Important Australian + International Fine Art
26 November 2008

Ex De Medici

born 1959

watercolour and gouache on paper

114.0 x 169.0 cm

titled lower left: A cool hand with the Dice / Biggie
inscribed lower left: Family - Mikhail Kalashnikov Automat AKS-74U. Afgan[sic] / Russian War. AKC-74Y(Cryllic) [sic] Osama’s dolly X CSIRO specimen. Unclassified Tortricidae. PNG (Western Highlands) Mt Hagen Ranges; Murmur Pass 8700’. 1961 W. W. Brandt.

$50,000 - 70,000
Sold for $52,800 (inc. BP) in Auction 6 - 26 November 2008, Melbourne

Commissioned from the artist
Private collection, Canberra

Catalogue text

With her vast and varied oeuvre incorporating experimental performance, installation, photography, painting, drawing and tattooing, eX de Medici has earned a reputation as one of the most brilliant enigmas of the Australian art world. In 2001, she was commissioned by the National Portrait Gallery, Canberra to create a portrait of rock band Midnight Oil, and the following year, was awarded the Mornington Peninsula Regional Gallery's prestigious 'National Works on Paper Prize' for her large and complex watercolour, Red (Colony), 1999-2000. Her work has featured in solo exhibitions such as Soft Steel at Heide Museum of Modern Art, Melbourne (2003) and eX de Medici at Mornington Peninsula Regional Gallery (2004), as well as numerous group shows, including the recent Contemporary Commonwealth at the National Gallery of Victoria, Melbourne (2006).

Since the late 1990s in particular, de Medici has become widely acclaimed for her monumental, fastidiously executed watercolours and drawings, such as A Cool Hand with the Dice / Biggie 2007, which juxtapose emblems of power and oppression with motifs encapsulating the fragility of life. Paying homage to the traditions of both natural history illustration associated with the scientific classification of the world (specifically the exquisite taxonomic drawings of Ferdinand Bauer in the collection of the National Gallery of Australia, Canberra) and seventeenth-century Dutch vanitas painting, her works may be interpreted as contemporary momento mori, reminding us of our mortality and the futility of worldly pursuits.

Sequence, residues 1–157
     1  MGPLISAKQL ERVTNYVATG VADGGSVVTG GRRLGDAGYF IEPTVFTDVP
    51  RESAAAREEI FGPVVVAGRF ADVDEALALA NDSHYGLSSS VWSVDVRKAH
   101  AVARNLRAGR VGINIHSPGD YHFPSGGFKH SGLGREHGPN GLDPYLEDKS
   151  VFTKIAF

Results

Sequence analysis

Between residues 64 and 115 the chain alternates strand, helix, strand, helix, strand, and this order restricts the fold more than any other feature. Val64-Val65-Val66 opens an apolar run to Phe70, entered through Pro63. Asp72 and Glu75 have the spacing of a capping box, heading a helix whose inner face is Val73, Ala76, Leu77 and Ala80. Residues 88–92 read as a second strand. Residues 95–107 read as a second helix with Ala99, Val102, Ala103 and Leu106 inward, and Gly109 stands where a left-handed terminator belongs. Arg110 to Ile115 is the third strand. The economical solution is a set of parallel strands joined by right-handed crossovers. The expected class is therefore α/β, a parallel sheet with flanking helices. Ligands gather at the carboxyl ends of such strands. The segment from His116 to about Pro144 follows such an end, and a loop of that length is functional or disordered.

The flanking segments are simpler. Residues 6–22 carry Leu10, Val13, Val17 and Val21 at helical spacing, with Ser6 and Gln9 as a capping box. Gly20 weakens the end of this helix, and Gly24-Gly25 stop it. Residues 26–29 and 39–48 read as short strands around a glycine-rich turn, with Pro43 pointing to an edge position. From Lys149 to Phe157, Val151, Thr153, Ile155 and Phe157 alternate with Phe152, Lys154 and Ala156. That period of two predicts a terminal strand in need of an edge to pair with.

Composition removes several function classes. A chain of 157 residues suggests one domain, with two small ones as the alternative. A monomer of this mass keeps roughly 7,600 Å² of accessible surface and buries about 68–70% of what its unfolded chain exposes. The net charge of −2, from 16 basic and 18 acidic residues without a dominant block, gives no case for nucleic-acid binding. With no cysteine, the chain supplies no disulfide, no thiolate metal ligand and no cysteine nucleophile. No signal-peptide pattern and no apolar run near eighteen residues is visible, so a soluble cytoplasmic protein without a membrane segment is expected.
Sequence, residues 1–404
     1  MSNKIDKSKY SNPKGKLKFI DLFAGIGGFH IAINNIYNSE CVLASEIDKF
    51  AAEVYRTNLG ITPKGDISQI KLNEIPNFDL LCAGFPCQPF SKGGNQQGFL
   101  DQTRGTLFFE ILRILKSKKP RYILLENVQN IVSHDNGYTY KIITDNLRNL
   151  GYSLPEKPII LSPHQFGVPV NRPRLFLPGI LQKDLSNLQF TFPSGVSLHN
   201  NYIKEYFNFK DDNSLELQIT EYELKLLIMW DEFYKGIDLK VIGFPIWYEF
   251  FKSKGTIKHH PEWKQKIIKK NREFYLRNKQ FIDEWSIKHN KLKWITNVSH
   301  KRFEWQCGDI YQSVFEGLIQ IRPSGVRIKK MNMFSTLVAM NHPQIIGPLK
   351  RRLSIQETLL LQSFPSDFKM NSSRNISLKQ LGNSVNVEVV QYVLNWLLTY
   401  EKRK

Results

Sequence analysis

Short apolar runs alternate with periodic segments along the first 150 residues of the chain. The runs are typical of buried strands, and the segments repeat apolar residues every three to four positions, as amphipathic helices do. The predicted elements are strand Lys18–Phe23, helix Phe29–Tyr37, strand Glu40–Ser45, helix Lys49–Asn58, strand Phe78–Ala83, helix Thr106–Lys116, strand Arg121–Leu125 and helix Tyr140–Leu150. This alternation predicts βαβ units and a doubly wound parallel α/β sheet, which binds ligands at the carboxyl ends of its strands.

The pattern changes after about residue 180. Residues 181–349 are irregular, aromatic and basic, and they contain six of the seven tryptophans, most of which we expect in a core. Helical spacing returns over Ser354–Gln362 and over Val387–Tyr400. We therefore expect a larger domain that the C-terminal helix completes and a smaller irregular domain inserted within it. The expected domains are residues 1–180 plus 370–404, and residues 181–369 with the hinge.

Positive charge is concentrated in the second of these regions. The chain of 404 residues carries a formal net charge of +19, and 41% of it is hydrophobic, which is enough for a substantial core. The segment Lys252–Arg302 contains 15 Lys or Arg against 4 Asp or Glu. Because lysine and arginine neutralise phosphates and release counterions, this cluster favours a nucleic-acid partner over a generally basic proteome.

Recurring motifs such as skulls, ammunition and the historically-loaded emblem of the swastika elucidate eX de Medici's often controversial denunciation of the troubling currents of our times. Issues of power and control are symbolised here by the gun with its specific allusions to the Soviet-Afghan War and Osama bin Laden. As the artist observes of the present subject, invariably 'the gun is meant for one thing and one thing only. They afford people a sense of invulnerability, but in the end the State employs guns to do the final work. So the gun, in my work, is always about controlling something, about the final word.'1 Thus, with their painstaking detail and seductive, visceral quality, de Medici's compositions invite the viewer to contemplate a world where pleasant, alluring surfaces conceal - and paradoxically reveal - disturbing intentions and forces.

1. Ex de Medici cited in Boyd, C., 'The order beneath the skin', The Weekend Australian Financial Review, 17 - 18 April 2004, p. 32